There are numerous core facilities and shared resources available to members of the University of Vermont Cancer Center to support them in their research efforts. The goal of these resources is to provide advanced technology and expertise as a part of the research team. Core facilities offering services to members include the following:
The Advanced Genome Technologies Core is an overarching umbrella encompassing three distinct shared resource facility arms:
The Biobank collects specimens of cancer and where possible adjacent normal tissues within a short time period from surgical resection. These specimens are made available to researchers along with associated clinical data.
The Molecular Bioinformatics Shared Resource is the primary source for bioinformatics support for members on campus. This core enables investigators to navigate large complicated data sets and summarize those data into publishable inferences. The primary goal of the Molecular Bioinformatics Shared Resource (MBSR) is to provide support for experiments based on genome sequence, epigenetic modification, or expression.
The Biostatistics Facility develops and maintains a comprehensive coordinated program of research support covering biostatistics, statistical genetics, and epidemiology for biomedical and health-related research activities.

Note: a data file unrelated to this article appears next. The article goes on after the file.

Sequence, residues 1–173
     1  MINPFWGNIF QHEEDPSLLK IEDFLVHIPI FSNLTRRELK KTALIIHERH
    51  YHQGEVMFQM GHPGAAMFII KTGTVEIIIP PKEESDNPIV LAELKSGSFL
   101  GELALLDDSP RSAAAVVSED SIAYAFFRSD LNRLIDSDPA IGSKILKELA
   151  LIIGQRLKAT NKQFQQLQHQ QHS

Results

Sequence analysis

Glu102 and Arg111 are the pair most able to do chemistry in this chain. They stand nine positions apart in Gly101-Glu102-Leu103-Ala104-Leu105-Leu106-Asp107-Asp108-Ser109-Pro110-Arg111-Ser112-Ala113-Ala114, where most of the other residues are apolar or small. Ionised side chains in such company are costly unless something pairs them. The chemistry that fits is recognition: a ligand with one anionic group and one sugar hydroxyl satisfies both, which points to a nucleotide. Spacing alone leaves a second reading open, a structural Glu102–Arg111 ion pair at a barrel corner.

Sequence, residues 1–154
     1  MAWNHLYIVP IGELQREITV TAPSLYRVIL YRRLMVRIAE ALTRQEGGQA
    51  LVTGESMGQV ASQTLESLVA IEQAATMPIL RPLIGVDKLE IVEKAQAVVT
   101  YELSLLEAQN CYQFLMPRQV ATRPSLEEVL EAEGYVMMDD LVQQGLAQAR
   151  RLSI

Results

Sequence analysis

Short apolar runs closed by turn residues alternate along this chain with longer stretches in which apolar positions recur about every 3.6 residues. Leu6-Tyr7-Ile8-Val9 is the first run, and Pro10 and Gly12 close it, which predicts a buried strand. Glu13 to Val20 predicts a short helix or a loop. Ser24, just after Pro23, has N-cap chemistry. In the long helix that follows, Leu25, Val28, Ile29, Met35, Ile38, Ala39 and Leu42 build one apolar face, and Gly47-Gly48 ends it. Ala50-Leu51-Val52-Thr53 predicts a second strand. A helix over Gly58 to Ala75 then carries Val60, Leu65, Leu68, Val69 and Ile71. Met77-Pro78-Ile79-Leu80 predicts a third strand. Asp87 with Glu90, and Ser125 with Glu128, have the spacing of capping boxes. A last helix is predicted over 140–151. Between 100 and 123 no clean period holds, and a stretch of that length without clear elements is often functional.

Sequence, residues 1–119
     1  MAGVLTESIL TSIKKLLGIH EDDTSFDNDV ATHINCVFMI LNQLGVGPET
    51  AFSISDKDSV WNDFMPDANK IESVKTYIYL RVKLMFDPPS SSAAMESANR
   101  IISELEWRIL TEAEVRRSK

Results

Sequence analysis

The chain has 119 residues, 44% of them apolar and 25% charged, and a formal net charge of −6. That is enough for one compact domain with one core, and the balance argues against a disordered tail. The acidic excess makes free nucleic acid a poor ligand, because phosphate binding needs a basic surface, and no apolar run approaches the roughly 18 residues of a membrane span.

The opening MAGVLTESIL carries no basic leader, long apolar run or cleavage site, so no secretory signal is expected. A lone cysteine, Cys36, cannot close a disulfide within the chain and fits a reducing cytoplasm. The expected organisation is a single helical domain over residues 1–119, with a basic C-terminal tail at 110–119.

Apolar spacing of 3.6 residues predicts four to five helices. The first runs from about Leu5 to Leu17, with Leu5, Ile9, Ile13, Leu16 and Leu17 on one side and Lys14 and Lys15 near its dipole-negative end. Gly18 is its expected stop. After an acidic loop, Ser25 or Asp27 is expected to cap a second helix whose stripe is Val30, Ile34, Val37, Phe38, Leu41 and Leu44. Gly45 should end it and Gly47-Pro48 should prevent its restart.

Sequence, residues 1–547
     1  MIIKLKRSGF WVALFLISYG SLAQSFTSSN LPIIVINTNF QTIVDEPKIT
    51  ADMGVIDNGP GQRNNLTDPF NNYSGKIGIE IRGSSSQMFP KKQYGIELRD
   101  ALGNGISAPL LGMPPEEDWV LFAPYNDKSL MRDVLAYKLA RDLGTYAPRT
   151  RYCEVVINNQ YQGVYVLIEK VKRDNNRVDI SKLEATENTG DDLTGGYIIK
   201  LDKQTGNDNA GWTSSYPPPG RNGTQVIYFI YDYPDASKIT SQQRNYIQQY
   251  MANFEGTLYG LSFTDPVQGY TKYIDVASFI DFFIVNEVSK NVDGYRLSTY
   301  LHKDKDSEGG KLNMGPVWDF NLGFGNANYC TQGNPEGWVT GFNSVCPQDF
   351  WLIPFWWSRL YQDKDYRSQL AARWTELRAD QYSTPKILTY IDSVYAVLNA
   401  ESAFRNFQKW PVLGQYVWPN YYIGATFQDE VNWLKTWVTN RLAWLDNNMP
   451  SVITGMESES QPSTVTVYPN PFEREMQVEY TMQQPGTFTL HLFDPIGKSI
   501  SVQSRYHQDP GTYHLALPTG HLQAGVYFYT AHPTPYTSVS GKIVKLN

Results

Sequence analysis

The Cancer Translational Research Laboratory (CTRL) is dedicated to improving the development of collaborative transdisciplinary partnerships between scientists and physician investigators.
The Flow Cytometry and Cell Sorting Facility serves as a multi-user resource for the high speed analysis and sorting of cells. Investigators can use flow cytometry to analyze multiple parameters on a single cells. This technology can be used for multiple applications including the detection of extracellular and intracellular antigens, cell cycle analysis, apoptosis, proliferation, etc., as well as for the deposition of a single cell for genomic assays. The facility has BD LSRII and MACSQuant VYB analyzers and a BD FACS AriaIII high-speed cell sorter.
The Microscopy Imaging Center (MIC) is designed as a multi-user resource for the collection and analysis of biological images for clinical and research applications. The MIC consists of ten microscopy-based imaging systems. At the light and electron microscopic levels, it provides state of the art, quality assured, morphologically oriented services.
Last modified May 16 2016 01:40 PM